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  • Similar Topics

    • By hello5555
      I currently employ a mechanic and friend who has been with me for about 20 years. He was formerly a transmission rebuilder, but we have switched to mostly reman units and have no need for a rebuilder. His pay has remained the same despite his value declining. I am currently paying him roughly $100,000 a year. The problem i'm having is that his skill set is not near that pay level anymore. He does light diagnostic and basic managerial work, but I am not confident enough for him to run the shop for more than an hour. With the current state of the industry our numbers have gone down a bit over the last two years. While still being profitable, I can't help but think about the extra income that would be available by terminating this employee, I just dont know how to do it. Any advice on how to do this? I like him as a person and have known him a very long time, but I feel his is paid about twice as much as he is worth. Any help wouldbe greatly appreciated.
    • By flacvabeach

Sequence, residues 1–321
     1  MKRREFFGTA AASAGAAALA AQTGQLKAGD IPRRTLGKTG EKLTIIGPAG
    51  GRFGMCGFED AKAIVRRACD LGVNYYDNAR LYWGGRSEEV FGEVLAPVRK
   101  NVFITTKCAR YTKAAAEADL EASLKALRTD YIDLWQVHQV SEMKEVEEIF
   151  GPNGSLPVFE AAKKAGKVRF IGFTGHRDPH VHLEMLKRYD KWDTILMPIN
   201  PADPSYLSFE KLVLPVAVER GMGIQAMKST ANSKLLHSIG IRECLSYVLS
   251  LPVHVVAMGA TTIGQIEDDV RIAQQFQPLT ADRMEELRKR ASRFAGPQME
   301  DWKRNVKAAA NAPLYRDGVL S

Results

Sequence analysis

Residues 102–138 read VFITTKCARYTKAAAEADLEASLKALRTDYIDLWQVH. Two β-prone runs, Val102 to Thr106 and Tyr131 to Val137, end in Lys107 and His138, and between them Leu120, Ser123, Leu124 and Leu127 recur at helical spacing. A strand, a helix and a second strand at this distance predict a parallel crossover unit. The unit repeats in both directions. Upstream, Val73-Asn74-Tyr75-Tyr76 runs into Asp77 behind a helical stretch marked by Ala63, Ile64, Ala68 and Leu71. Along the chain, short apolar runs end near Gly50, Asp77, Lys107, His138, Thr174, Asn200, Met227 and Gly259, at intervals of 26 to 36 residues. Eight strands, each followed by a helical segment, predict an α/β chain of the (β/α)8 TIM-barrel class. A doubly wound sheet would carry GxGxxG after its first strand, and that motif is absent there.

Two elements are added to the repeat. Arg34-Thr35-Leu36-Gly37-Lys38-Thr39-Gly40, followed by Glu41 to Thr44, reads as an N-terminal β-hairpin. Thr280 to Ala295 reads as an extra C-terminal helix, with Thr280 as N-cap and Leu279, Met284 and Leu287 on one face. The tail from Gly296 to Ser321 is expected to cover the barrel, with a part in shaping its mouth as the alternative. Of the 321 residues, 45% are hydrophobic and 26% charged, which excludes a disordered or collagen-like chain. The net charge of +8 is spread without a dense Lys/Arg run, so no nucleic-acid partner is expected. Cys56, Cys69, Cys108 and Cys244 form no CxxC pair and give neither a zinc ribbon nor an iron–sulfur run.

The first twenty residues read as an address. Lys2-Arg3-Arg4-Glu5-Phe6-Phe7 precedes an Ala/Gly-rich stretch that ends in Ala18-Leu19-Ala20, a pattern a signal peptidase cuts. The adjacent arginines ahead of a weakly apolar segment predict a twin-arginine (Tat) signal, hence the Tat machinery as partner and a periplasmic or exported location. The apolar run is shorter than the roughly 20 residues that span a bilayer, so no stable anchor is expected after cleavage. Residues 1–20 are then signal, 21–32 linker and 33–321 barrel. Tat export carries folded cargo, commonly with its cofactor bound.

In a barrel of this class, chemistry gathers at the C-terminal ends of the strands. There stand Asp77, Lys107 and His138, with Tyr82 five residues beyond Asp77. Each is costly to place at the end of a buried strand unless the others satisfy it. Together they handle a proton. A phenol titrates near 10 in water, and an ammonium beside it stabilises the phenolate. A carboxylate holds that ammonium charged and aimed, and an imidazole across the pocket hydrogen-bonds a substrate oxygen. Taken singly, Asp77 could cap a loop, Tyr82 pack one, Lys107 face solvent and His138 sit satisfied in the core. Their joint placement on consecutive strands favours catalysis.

Virginia's Governor in his 2020 budget proposal has included elimination of the state's vehicle safety inspection program.  In addition, a state legislator has introduced a bill doing the same.  I serve on the board of the Virginia Automotive Association, a group of over 200 independent shops who have banded together to lobby in the interests of our industry. VAA has ponied up a a $25000 increase in the lobbying budget to fight the move.   As a shop owner, I have mixed emotions on the subject, but if I were gambling I would bet that the program will go away.   On one hand, it's kind of nice that the state's motorists are forced to bring their cars to a shop once a year, giving us an opportunity to make them life-long customers. Also, it has created a cadre of technicians in the state who have been vetted and background checked by the state police.   On the other hand, there are a litany of negatives inluding  customer resentment, anger when their vehicle fails, uneven management by the state police who oversee the program due to limited resources.  Some shops are "by the book" while others are "sticker mills" who will pass anything.  Unfortunately, VAA and others have been unable to produce hard statistics that show that the program .makes a difference in highway safety.  The big studies I have found blame driver error for the majority of accidents.  What is ironic is that just this year VAA won a long battle to get the inspection fee raised from 16 to 20 dollars.   The legislature convenes in January to enact laws that will take effect in June.